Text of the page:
Vanuatu daily news digest | 21 September 2012Posted: September 21, 2012
North Efate chiefs are surprised and greatly upset at Minister of Lands Steven Kalsakau’s taking their land from them. Kalsakau issued two new leases last month in favour of Kalorib Poilapa of Mele village for 2,300 hectares of Lelepa/Mangaliliu (Lelema) land on which the Lelema people had applied for a community lease. They are urging the Minister to revoke the new lease. Kalorib Poilapa is believed to be a ‘front man’ for big agricultural interests. The Lands Department says the Minister will hold a press conference next week to explain rural and urban land sales.
Prosecution delays may mean the Phocea case is dismissed, is today’s Daily Post front page headline. The Prosecution was not happy with the case as presented by the investigators — readers will remember the first and principal investigator was suspended by the Minister concerned early into his inquiries. A second reason for the delay is the absence of Pascal Anh Quan Saken, a.k.a. Vu Ahn Kuan, who is principal witness and defendant. Magistrate Rita Naviti was clearly disturbed at the likelihood of further delays and gave the Prosecution until 3pm today to adjust the charges to remove Anh Quan.
Donald Pellam, marketing and promotions officer for the Department of Industry, tells Radio Vanuatu News thirty Chinese investors are coming to set up heavy industries. “Often Chinese investors come to set up retail and wholesale businesses. We are interested in value adding and exporting”, says Pellam. The Chinese government is to assist Vanuatu’s government and private sector to obtain more heavy industry.
Which begs the question – what kind of heavy industry? Mining? Shipbuilding? Chemical plants? Oil refining? And what resources, if any, does Vanuatu have that heavy industry could use? Heavy industry is capital intensive, consumes massive amounts of resources and usually produces large amounts of pollution and environmental degradation. Vanuatu is environmentally vulnerable, with a population almost entirely reliant on its land and natural resources. There is no environmental protection agency or governance structure to speak of, and even less willingness by Government to enforce the scant laws and policies that do exist. Add to this mix the systemic corruption that exists at all levels of Government, and you have a recipe for environmental disaster.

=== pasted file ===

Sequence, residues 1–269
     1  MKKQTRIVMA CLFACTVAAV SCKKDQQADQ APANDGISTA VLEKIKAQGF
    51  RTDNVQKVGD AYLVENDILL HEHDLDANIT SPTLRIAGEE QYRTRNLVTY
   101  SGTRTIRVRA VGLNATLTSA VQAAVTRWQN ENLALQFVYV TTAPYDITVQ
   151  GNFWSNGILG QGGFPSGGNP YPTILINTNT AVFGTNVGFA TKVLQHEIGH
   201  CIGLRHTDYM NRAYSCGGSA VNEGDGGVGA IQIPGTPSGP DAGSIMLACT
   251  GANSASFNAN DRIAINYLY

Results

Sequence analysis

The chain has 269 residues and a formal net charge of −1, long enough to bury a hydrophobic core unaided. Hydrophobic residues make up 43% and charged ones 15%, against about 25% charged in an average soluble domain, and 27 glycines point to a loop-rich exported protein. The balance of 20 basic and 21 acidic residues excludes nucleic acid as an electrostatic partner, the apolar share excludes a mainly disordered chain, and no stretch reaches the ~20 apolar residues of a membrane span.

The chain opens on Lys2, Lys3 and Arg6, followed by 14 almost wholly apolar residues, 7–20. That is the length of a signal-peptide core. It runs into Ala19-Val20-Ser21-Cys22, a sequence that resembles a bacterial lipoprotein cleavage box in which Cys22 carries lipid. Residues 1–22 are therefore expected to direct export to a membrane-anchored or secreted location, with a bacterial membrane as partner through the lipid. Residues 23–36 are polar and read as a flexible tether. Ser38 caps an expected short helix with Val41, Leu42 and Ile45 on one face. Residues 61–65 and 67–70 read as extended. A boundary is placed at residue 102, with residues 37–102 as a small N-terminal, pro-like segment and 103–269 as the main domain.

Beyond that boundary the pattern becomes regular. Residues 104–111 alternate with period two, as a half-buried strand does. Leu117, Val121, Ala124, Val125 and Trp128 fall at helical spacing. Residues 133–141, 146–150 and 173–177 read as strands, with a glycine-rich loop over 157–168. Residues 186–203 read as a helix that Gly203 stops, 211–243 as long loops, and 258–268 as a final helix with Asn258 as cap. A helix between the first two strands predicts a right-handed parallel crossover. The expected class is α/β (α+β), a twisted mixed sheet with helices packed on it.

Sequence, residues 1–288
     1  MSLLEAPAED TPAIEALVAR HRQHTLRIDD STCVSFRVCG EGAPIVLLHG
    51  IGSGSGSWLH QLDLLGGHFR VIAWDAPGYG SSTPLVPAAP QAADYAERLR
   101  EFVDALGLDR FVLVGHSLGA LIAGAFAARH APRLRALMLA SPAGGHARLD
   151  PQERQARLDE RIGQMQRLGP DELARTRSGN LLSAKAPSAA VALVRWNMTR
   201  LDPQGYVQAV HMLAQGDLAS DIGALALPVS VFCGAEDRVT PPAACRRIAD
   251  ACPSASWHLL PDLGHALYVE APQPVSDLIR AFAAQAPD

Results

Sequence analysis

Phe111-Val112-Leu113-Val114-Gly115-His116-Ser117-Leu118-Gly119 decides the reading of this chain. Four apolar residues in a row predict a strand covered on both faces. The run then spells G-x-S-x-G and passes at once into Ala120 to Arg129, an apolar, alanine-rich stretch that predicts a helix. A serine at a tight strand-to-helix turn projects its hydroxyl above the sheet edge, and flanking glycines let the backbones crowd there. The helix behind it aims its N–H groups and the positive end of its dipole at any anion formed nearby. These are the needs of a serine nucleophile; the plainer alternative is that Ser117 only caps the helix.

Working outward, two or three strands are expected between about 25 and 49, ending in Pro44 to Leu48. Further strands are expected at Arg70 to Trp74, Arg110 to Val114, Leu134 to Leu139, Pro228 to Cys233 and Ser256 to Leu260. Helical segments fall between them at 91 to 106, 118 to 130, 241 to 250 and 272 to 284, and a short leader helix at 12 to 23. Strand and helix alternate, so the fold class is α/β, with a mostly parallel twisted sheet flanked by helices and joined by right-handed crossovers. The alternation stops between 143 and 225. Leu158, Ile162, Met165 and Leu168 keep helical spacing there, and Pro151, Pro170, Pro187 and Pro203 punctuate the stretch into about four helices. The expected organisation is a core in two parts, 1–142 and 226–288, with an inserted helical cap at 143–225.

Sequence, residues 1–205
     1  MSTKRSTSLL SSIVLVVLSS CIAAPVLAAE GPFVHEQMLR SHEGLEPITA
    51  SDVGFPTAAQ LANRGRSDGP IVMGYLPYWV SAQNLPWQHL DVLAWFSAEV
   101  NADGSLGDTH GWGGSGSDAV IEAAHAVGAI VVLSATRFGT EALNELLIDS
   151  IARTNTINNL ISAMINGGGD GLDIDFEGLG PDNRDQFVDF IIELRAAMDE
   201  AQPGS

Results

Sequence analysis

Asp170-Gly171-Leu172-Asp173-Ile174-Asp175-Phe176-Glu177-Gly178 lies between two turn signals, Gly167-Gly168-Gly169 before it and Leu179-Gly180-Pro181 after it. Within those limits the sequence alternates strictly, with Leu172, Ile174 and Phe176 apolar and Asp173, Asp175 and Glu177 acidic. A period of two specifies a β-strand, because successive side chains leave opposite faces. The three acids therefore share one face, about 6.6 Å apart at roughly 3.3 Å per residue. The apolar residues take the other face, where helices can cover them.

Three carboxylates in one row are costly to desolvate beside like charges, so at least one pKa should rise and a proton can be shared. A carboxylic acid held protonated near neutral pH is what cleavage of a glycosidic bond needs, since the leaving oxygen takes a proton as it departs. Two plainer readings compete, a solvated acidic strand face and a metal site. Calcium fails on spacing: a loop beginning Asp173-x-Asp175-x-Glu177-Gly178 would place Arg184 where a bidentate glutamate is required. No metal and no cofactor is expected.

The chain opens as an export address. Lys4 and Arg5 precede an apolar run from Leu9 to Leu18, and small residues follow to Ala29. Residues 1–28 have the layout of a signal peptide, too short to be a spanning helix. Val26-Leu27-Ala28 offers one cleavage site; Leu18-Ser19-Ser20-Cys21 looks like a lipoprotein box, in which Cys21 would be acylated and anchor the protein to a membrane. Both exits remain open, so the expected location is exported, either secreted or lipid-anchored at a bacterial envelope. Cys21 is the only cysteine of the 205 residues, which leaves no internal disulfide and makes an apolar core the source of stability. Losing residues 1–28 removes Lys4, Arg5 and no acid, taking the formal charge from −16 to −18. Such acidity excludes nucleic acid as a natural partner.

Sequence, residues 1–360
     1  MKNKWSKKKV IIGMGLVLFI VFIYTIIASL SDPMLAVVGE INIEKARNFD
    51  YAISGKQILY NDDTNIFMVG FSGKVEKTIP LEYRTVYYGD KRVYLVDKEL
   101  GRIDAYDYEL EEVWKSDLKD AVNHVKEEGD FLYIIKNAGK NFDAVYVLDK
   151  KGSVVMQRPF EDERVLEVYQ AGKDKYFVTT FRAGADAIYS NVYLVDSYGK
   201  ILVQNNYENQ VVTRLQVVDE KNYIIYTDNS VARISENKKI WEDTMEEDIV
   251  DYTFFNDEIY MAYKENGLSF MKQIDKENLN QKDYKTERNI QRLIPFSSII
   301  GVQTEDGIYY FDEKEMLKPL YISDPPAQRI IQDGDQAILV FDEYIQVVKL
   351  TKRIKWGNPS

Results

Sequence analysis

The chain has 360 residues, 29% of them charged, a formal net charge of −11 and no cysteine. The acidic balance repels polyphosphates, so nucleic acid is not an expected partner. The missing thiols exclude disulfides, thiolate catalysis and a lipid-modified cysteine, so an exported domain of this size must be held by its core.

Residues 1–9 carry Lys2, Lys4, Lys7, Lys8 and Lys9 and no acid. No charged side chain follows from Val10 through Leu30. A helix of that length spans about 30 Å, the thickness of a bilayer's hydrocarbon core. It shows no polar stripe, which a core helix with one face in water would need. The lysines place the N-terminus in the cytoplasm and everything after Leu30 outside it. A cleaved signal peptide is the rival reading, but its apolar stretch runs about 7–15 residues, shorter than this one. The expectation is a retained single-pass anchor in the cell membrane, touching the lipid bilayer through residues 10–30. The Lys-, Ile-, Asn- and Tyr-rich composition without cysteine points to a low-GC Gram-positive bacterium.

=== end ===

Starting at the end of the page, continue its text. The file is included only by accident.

Former Foreign Affairs Minister Bakoa Kaltongga has rejected all allegations of the present outgoing Foreign Affairs Minister Alfred Carlot that he was responsible for sales of passports. Kaltongga added his concern that Carlot should not have boarded the Phocea before it was legally entered into Port Vila harbour.
Creation of a national framework for Reducing Emissions from Deforestation and Forest Degradation (REDD Plus) will open the door to funding to run a variety of forestry programmes, the Forestry Department advised through Radio Vanuatu News. Sustainable management of forests and the enhancement of forest carbon stocks are two of the aims of the REDD Plus concept which expands “the role of forests as pools of carbon”. A team is working to set up a national framework for a REDD Plus programme in Vanuatu.
And so we come to the Vanuatu Republican Party leadership squabble. Marcellino Pipite won the court case. Maxime Carlot Korman, Dominique Morin, Marco Herrominly and Judah Isaac cannot stand as VRP candidates for the upcoming general election, according to the judgement.